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U.S. Lost To Iran In Diplomatic Battle Over Nuclear Deal

Press TV: An Iranian deputy foreign minister says Tehran has successfully foiled the US president’s attempts to undermine the 2015 multinational nuclear deal, adding Washington stands fully isolated on the diplomatic stage due to its belligerent stance on the landmark agreement.

During a TV program on Saturday, Abbas Araqchi described the deal, officially called the Joint Comprehensive Plan of Action (JCPOA), as “an international achievement,” saying the document is “non-negotiable” and should be kept intact.

Araqchi, who served as senior negotiator in the talks leading to the JCPOA, further slammed President Donald Trump’s long-running hostile campaign against the deal.

Trump, however, lost the “diplomatic battle” over the nuclear pact to Iran as the Islamic Republic managed to fully isolate the US and separate it from its European allies, the official said.

The US president on Friday extended waivers of key economic sanctions on Iran, which were lifted under the JCPOA, for another 120 days but said he was doing so “for the last time.”

Trump called on European allies and Congress to work with him to “fix the disastrous flaws” in the nuclear agreement or face a US exit.

The US president also said he wanted Congress to pass a bill that states Iran’s long-range missile and nuclear programs are inseparable, and that the country’s development and testing of missiles should be subject to severe sanctions.

Araqchi further said Iran’s conventional missile program “is related to our domestic capabilities and national security and has absolutely nothing to do with any other issue,” emphasizing that it is “not up for either negotiation or compromise.”

The JCPOA, he added, managed to “draw a line” between the missile program and the nuclear issue, saying that no party could now claim that Iran’s missile tests violate the nuclear agreement.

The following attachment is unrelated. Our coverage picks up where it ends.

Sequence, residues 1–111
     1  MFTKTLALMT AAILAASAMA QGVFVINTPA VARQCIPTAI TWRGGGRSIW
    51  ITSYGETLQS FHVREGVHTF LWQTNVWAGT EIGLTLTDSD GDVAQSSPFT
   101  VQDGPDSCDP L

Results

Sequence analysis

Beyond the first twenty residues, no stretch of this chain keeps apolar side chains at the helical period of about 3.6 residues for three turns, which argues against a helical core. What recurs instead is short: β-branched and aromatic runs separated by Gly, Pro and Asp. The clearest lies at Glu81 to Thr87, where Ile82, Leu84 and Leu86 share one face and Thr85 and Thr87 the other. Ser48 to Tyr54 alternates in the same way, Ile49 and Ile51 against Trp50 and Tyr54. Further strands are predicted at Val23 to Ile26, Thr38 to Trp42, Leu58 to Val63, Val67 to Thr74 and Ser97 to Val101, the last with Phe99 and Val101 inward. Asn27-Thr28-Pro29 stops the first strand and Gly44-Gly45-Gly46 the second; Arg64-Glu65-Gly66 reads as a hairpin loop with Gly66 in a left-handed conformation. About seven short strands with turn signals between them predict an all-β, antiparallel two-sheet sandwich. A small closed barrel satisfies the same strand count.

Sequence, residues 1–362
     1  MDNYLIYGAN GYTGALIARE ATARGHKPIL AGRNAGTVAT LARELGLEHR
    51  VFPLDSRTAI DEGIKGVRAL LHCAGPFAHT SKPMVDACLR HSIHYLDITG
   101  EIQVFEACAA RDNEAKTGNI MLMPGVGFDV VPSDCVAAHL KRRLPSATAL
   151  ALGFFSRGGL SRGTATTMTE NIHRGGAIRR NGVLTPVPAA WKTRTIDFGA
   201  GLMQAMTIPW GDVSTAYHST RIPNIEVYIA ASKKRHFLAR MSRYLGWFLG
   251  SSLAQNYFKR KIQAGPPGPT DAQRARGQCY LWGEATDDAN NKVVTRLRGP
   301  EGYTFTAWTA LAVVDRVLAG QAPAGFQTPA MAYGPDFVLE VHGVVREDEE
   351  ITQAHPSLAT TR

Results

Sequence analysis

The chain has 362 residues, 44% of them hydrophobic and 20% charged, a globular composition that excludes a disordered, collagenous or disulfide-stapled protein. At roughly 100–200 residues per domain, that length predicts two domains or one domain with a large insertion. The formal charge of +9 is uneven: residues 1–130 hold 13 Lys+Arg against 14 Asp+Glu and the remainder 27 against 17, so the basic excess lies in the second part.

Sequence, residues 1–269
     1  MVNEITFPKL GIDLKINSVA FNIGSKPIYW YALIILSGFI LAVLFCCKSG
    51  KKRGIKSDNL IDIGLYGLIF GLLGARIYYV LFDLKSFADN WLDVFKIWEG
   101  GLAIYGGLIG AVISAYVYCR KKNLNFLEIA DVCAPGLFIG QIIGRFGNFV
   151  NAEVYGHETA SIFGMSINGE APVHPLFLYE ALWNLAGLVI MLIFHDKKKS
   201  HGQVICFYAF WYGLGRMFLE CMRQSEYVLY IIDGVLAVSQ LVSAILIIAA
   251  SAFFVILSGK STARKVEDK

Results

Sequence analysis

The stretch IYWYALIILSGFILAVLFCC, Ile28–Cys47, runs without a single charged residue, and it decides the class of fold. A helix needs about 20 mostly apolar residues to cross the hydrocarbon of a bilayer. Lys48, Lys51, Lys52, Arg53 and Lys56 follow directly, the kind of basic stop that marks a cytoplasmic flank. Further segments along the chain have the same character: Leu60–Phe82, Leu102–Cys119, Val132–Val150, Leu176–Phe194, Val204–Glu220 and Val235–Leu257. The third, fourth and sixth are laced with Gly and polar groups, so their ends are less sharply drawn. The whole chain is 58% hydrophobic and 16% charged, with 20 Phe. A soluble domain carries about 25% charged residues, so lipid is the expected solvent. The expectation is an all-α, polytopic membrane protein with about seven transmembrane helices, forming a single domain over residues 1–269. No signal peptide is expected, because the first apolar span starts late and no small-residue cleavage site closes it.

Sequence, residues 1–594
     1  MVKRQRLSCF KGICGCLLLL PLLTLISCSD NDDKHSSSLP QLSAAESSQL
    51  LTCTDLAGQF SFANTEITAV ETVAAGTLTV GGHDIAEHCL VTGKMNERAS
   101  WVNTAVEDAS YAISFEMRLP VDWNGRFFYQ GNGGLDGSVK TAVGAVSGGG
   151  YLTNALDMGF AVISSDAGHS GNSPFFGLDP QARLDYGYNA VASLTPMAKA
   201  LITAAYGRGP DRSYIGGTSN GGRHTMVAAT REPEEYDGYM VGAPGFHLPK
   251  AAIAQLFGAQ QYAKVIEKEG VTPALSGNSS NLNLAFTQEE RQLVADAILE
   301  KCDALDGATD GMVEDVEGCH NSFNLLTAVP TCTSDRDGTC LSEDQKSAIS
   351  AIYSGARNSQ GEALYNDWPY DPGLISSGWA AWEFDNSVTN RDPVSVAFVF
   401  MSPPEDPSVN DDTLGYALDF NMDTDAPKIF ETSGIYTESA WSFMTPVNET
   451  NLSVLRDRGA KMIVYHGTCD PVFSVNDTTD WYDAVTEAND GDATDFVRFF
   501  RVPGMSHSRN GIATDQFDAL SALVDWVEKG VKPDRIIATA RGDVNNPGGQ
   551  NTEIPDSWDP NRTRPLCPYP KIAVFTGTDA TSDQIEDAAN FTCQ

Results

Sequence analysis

Elsewhere in his remarks, Araqchi stressed that the US and Europe have no right to re-impose the sanctions lifted under the JCPOA under any pretext.

Additionally on Friday, Trump ordered the imposition of new sanctions on 14 Iranian and no-Iranian individuals and entities over alleged rights abuses, censorship, and support for weapons proliferators.

Araqchi said that Washington’s move to add individuals to such a blacklist was “out of desperation and meant to make up for its failures.”

Iran parliament rejects changes to JCPOA

Speaking on Sunday, Iran’s Parliament speaker Ali Larijani ruled out any changes to the JCPOA, denouncing Trump’s “abnormal behavior” and Washington’s “excessive demands.”

“The Iranian parliament will in no way accept changes to the structure of the nuclear agreement, and the amendments the US president mentioned in his latest remarks amount to the destruction of the whole deal,” he said.

Iran’s Foreign Ministry announced on Saturday that Tehran would commit to no obligation beyond those it has already agreed to under the JCPOA.

“The internal solidity of and international support for the agreement have blocked attempts by Mr. Trump, the Zionist regime [of Israel], and the ominous alliance of hard-line warmongers to terminate this agreement or make changes to it,” the ministry said in a statement.

Prior to the White House’s announcement, the European Union along with three European signatories to the deal, including France, Britain and Germany, once again reaffirmed their strong determination to preserve Iran’s nuclear agreement, warning the US against any attempts to weaken the JCPOA, which widely viewed as a victory for international diplomacy and teamwork.

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